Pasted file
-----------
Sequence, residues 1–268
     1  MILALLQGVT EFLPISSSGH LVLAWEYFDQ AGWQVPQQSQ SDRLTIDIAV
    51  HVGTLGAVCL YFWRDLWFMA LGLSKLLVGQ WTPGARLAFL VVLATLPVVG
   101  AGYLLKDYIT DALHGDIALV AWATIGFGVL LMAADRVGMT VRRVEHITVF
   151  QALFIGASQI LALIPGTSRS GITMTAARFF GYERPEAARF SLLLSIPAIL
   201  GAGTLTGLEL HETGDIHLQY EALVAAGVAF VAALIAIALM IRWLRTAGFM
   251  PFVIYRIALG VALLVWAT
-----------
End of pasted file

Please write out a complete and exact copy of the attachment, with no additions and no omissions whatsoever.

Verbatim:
Sequence, residues 1–268
     1  MILALLQGVT EFLPISSSGH LVLAWEYFDQ AGWQVPQQSQ SDRLTIDIAV
    51  HVGTLGAVCL YFWRDLWFMA LGLSKLLVGQ WTPGARLAFL VVLATLPVVG
   101  AGYLLKDYIT DALHGDIALV AWATIGFGVL LMAADRVGMT VRRVEHITVF
   151  QALFIGASQI LALIPGTSRS GITMTAARFF GYERPEAARF SLLLSIPAIL
   201  GAGTLTGLEL HETGDIHLQY EALVAAGVAF VAALIAIALM IRWLRTAGFM
   251  PFVIYRIALG VALLVWAT